Which brings me to the rule 4 of Narnia. Make sure your goals are in line with your efforts otherwise it ain’t never gonna happen.


Yesterday, my 12 year old son had track practice in the morning. Track was followed by a mini triathlon (which was part of a school phys. ed program). After school he put on his boots and cycled to and from his 60 minute evening soccer practice. Upon returning home-a massive dinner was inhaled- followed by a saucer size bowl of ice cream for dessert. After dessert, he then proceeded to have an epsom salt bath and just before bed: micro stretching.

As he trundled to bed my wife said to him ‘I wish I was as fit as you’ to which he replied ‘you won’t be as fit as me because you are not committed.’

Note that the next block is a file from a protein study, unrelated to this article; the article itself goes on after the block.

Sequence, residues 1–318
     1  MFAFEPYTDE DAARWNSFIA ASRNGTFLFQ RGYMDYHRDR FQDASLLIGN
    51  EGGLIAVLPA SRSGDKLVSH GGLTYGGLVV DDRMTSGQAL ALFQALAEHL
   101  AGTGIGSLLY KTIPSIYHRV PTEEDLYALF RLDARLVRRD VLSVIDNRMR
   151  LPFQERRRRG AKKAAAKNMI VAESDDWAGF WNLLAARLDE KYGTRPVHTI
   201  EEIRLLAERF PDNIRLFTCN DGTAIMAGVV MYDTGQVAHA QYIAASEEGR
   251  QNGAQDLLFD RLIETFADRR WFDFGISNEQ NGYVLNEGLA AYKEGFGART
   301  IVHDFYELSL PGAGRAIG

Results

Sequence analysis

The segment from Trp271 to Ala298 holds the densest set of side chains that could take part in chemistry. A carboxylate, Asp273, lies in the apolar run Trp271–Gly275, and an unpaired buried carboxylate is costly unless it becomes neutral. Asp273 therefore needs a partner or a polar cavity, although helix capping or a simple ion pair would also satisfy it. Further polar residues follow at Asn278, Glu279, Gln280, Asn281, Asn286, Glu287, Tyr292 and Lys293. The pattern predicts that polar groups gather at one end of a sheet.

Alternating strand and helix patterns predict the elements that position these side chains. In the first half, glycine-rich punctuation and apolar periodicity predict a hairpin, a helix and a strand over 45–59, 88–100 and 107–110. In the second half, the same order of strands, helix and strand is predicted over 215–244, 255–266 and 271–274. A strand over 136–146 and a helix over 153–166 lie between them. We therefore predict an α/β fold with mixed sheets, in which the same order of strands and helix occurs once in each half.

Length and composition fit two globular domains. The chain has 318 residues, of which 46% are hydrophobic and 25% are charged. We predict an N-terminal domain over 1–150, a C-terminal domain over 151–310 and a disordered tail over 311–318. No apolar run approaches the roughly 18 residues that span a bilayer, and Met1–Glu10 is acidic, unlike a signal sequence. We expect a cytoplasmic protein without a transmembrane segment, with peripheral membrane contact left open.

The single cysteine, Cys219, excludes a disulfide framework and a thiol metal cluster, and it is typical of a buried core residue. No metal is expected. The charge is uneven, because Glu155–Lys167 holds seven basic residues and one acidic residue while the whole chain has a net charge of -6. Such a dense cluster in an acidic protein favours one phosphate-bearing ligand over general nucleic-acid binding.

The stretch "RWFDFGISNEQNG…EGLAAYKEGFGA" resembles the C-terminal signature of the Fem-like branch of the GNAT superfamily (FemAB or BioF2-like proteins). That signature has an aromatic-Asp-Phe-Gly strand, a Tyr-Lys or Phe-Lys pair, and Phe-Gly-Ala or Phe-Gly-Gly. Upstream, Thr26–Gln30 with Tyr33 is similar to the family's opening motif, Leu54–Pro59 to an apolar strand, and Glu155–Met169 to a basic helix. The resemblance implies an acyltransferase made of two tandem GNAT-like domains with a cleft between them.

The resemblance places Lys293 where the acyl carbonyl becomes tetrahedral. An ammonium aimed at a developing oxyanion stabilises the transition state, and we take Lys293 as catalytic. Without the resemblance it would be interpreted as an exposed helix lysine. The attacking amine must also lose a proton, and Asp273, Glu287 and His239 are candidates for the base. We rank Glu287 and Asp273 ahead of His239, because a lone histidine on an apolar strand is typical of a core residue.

Cheeky. Indeed. But he was right.

Getting fit doesn’t just happen. Getting fit is a commitment. And if you’ve ever been in a relationship you know commitments are tough. With exercise these commitments range from the proper nutrition, the application of effort and consistency, the routine, the recovering, the monitoring, and the doing when you feel like don’ting.

Commit full on and like any good relationship there will be quiet rewards, such as fitness and an athlete’s body. Do it haphazardly or chaotically and the rewards will be smaller. Therefore, the third rule of getting into Narnia is advice taken straight from the mouth of a fit 12 year old. You must be committed.

Are you?